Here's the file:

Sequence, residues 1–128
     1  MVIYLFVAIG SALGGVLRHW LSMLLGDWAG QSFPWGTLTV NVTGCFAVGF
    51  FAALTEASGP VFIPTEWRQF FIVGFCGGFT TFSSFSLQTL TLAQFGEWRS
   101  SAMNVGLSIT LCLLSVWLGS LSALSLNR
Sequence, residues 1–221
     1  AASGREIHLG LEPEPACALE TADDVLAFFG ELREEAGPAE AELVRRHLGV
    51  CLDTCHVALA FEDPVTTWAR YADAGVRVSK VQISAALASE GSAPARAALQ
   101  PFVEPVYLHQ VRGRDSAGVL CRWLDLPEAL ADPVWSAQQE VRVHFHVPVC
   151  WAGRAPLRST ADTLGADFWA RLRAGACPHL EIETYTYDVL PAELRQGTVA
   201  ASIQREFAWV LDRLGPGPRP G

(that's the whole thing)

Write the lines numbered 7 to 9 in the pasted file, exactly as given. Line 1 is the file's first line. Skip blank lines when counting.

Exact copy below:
    51  CLDTCHVALA FEDPVTTWAR YADAGVRVSK VQISAALASE GSAPARAALQ
   101  PFVEPVYLHQ VRGRDSAGVL CRWLDLPEAL ADPVWSAQQE VRVHFHVPVC
   151  WAGRAPLRST ADTLGADFWA RLRAGACPHL EIETYTYDVL PAELRQGTVA